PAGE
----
Salary Survey Released

The NASW Center for Workforce Studies has released its “Summary of Key Compensation Findings” report based on a survey sponsored and developed by the association.

Based on nearly 18,000 responses, the center determined that on Oct. 1, 2009, the median hourly wage for social work practitioners was $29.64 an hour.

The median base pay among the survey respondents was $55,000 a year, with 12 percent earning $90,000 a year or more and 12 percent earning under $30,000.

Most social work practitioners (57 percent) said they were paid an annual salary.

Demographics: Regarding age, the report noted that average pay for those under 35 was $46,000 while those 55 to 64 earned an average of $59,000. Those 65 and older showed a decrease in the median, to $50,000.

The report also revealed that median salaries differed among gender, with men earning $64,000 and women earning $53,000.

A strong correlation exists between education level and compensation for social work practitioners, the report noted.

Those in the survey with MSWs as their highest degree had a median base pay of $55,000. Earning a doctorate in social work carried a premium of $17,000 in annual base pay. Those who did not progress beyond a BSW typically earned $15,000 less than their colleagues with an MSW.

Experience also showed an expected correlation with base pay, rising from a median of $43,700 for those with less than five years’ experience to $63,000 for those with 30-39 years’ experience, the report explained.

Compensation varied by sector where social work practitioners were employed. Generally, those employed by government agencies earned more than those in the private sector.

Also as expected, there was a strong correlation between base pay and responsibility level. Executives earned a high median base pay of $90,000, the report noted. Those at the 75th percentile reported their base pay at $111,800. For the next highest level of responsibility, directors/managers, the median base dropped to $66,000. For those in the supervisor/coordinator roles, the median base pay was $57,000. Those not in a supervisory role earned a median of $50,000.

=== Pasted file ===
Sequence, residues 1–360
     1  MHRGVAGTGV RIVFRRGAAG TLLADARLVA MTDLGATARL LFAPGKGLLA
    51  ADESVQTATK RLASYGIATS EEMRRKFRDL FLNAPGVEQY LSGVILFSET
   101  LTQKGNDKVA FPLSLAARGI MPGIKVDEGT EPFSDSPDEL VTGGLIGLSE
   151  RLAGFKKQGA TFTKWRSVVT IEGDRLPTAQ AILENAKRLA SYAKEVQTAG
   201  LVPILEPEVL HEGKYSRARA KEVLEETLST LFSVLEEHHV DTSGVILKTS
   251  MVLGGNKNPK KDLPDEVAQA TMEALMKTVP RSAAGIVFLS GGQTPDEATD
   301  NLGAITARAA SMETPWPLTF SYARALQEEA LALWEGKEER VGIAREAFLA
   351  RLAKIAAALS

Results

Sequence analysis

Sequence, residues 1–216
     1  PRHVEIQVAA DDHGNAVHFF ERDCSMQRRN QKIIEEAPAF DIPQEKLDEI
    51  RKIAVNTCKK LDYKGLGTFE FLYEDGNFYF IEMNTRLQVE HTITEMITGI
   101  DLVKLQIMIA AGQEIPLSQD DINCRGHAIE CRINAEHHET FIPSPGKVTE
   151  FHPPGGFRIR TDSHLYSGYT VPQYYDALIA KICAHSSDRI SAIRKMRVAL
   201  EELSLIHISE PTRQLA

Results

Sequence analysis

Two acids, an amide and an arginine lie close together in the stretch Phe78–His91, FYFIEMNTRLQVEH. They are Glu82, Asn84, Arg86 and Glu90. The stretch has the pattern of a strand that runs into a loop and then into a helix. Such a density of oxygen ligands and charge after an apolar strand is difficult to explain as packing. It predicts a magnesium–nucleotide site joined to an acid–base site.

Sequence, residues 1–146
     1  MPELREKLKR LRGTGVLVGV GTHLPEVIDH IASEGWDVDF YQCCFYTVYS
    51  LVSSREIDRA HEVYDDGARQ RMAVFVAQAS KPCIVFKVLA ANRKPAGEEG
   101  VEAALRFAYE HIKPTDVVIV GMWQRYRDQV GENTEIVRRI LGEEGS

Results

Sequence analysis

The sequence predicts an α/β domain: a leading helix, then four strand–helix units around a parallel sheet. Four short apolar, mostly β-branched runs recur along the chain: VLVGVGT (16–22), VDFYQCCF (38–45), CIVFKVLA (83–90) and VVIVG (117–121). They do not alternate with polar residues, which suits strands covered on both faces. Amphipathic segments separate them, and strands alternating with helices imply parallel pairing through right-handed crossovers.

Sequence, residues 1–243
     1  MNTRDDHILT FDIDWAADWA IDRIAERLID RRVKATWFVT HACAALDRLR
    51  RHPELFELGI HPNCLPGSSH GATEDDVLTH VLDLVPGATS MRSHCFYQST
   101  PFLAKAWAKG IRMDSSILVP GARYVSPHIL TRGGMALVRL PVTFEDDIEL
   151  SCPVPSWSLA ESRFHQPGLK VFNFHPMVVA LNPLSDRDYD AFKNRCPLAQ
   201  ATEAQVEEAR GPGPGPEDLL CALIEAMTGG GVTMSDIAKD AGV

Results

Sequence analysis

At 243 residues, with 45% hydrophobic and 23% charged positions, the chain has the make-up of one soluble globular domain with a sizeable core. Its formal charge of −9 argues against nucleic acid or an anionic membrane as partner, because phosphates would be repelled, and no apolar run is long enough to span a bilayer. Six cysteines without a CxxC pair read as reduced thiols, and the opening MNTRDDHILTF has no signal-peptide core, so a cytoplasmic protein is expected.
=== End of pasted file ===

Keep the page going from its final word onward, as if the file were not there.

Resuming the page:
Region: Respondents were organized by nine U.S. Census regions. The highest base pay levels were in the Pacific states (Alaska, Washington, Oregon, California and Hawaii), with a median of $65,000. The next highest was in the Middle Atlantic States (New York, New Jersey and Pennsylvania) at $59,000.

Lowest levels were reported in the East South Central states (Alabama, Kentucky, Mississippi and Tennessee), with a median of $47,000.

Tracy Whitaker, director of the NASW Center for Workforce Studies and Social Work Practice, said a more detailed report of the survey is expected in the fall.

“This report is a good reference for a point in time of the profession,” Whitaker said. “Salary and benefits compensation are usually the first items people want to know when investigating careers in social work.”

NASW partnered with other social work member organizations to increase its sampling for the survey. They were the Association of Oncology Social Work; National Hospice and Palliative Care Organization; National Network for Social Worker Managers; The Rural Social Work Caucus; and the Society for Social Work Leadership in Health Care.

Data were collected and tabulated by Readex Research, an independent research company.

The report is based on data collected between Oct. 1 and Nov. 24, 2009, with 17,911 responses.